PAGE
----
Thursday, March 19, 2015

The private investigator who spies using drones

Chris Wright is a problem solver. Her clients come to her with an issue, a question, a mystery, and she figures out the best way to find the answer – using whatever tools she can. “I use a combination of new technology and old technology, because I have to solve a problem. So I’ve used everything from geese and dogs to Roombas to drones to GPS.”
Wright is a private investigator – and owner of the Wright Group – based in Anaheim, California. She’s worked in the business for more than 40 years, and has seen the tools available to investigators change dramatically. Early on, stakeouts in vans were important. More recently new technology in the form of tiny cameras and social media has begun to play a role. And she’s embraced those changes. Today, when the problem calls for it, she uses drones to do her work.
She gives me a few examples. If two people are meeting in a public place, a drone can be a helpful way to discreetly watch them. “We stay at about 50-75 feet [15-23 metres] above so nothing can be heard.” Drones are also helpful for aerial surveillance of locations that are hard to access on foot. And if a school or church is worried someone might be stealing or vandalising property, drones or small off-road vehicles (“Roombas on steroids” as she calls them) can film the property.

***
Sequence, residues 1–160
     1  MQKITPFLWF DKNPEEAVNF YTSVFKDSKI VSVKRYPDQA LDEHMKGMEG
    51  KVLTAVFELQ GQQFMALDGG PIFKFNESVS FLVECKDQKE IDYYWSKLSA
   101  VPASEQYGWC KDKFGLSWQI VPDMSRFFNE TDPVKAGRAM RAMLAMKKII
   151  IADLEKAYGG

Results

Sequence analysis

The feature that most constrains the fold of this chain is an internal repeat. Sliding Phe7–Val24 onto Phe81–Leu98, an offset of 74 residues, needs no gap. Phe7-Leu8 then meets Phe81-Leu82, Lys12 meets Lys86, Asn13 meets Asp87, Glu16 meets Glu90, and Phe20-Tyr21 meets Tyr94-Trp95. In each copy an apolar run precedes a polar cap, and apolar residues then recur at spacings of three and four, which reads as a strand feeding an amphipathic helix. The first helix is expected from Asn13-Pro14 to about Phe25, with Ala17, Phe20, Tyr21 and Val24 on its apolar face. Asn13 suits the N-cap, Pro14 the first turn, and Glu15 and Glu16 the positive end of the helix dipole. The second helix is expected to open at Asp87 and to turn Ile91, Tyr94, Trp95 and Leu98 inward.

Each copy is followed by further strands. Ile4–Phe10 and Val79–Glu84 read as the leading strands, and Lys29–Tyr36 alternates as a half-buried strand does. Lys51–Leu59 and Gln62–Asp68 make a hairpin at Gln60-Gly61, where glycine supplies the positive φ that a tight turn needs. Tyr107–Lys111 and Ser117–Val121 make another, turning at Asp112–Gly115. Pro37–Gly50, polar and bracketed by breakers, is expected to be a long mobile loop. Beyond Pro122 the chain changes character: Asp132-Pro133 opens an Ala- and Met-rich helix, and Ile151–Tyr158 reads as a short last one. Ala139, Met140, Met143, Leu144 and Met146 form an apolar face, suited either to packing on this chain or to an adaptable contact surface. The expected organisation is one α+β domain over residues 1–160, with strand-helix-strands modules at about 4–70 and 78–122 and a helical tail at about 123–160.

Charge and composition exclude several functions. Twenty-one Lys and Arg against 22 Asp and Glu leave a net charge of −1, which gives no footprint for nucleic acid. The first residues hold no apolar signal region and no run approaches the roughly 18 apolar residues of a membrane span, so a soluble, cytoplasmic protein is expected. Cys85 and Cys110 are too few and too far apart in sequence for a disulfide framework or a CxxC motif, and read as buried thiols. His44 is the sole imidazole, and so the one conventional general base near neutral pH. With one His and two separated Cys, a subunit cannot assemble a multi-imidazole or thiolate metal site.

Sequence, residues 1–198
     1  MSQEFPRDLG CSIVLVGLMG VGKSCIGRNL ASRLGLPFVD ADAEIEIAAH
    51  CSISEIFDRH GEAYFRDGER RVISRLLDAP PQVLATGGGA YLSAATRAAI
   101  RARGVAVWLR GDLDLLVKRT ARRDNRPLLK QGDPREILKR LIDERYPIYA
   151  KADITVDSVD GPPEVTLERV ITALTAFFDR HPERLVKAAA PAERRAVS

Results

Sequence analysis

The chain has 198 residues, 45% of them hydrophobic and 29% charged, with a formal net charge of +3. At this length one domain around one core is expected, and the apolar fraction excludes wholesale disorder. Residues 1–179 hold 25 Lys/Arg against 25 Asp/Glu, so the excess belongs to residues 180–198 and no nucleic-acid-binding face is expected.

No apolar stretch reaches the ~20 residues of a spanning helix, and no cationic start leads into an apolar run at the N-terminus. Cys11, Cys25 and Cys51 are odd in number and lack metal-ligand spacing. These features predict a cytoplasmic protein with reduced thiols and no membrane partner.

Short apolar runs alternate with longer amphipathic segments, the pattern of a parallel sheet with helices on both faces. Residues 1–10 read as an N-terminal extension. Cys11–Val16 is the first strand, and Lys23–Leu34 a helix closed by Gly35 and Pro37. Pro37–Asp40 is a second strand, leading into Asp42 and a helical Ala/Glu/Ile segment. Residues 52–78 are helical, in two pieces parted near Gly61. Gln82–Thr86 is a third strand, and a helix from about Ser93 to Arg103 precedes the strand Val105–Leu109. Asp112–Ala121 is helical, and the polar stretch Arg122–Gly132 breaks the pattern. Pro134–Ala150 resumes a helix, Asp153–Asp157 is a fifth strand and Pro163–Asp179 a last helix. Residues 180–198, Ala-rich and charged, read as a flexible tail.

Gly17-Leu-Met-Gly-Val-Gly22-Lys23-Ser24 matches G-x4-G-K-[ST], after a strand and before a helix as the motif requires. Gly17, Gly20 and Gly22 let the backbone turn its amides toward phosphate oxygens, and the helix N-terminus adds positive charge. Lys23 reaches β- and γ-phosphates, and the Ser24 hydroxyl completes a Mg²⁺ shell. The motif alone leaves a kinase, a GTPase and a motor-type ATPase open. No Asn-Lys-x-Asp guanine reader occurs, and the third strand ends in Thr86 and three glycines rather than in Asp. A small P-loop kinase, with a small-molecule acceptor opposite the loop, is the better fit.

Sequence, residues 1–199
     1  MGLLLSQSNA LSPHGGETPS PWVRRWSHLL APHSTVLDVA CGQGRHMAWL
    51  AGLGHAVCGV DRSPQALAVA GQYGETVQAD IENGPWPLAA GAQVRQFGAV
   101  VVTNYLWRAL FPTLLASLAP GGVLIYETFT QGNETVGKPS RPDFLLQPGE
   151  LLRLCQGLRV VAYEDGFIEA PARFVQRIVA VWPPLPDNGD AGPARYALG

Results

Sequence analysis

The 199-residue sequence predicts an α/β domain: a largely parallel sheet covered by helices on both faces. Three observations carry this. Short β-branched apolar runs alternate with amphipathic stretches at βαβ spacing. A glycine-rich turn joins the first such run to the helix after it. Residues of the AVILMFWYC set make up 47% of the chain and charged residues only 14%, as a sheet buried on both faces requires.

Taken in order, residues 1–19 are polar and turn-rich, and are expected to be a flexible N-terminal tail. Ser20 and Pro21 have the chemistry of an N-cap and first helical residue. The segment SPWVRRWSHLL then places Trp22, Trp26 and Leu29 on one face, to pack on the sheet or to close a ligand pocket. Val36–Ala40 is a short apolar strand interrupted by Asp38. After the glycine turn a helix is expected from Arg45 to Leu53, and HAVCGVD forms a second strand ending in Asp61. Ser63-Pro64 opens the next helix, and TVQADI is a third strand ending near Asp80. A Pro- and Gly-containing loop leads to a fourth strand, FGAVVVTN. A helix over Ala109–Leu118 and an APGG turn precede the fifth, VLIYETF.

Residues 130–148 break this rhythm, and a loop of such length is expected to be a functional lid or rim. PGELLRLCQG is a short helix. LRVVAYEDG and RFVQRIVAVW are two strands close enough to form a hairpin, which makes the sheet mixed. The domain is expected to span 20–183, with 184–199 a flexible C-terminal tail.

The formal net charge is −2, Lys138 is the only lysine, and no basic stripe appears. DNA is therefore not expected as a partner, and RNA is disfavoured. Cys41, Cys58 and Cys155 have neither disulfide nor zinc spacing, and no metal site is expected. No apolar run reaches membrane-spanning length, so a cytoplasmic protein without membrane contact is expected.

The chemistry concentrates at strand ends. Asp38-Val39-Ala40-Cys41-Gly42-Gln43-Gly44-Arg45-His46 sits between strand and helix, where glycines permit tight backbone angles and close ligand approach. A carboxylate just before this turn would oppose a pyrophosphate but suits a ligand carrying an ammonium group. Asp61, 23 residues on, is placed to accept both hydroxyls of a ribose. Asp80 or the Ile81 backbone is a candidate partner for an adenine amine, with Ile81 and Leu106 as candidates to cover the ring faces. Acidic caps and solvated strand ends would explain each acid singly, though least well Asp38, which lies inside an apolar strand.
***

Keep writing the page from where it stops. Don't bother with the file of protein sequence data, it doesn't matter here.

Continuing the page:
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TED 2015: Bill Gates warns on future disease epidemic

The world needs to prepare for the next major health crisis, Bill Gates has told delegates at the Ted (Technology, Entertainment and Design) conference.
While Ebola seems to be being kept under control currently, next time "we may not be so lucky" the Microsoft co-founder warned.
He said that there were plenty of technology tools that could be used to contain the spread of a virus.
And, he added, governments should learn from how nations prepare for war.
"Nato plays war games to check that people are well-trained and prepared. Now we need germ games," he said.
He also called for a reserve "medical corps" similar to the reserve armies that civilians can join.
Technology can play a big role in helping prevent the spread of a virus, he told the Ted audience.
The proliferation of mobile phones mean that citizens can easily report where disease breaks out and satellite mapping can quickly collate where the problem areas are.
Meanwhile advances in biology have drastically cut the time it takes to develop vaccines for new viruses
During the Ebola crisis, technology firms such as IBM contributed tracking systems that allowed the authorities to create detailed maps of outbreaks based on text messages from citizens.
Bill Gates has long had an interest in global problems such as poverty and disease and the Gates Foundation, which he set up with his wife, has contributed millions to help solve the issues.
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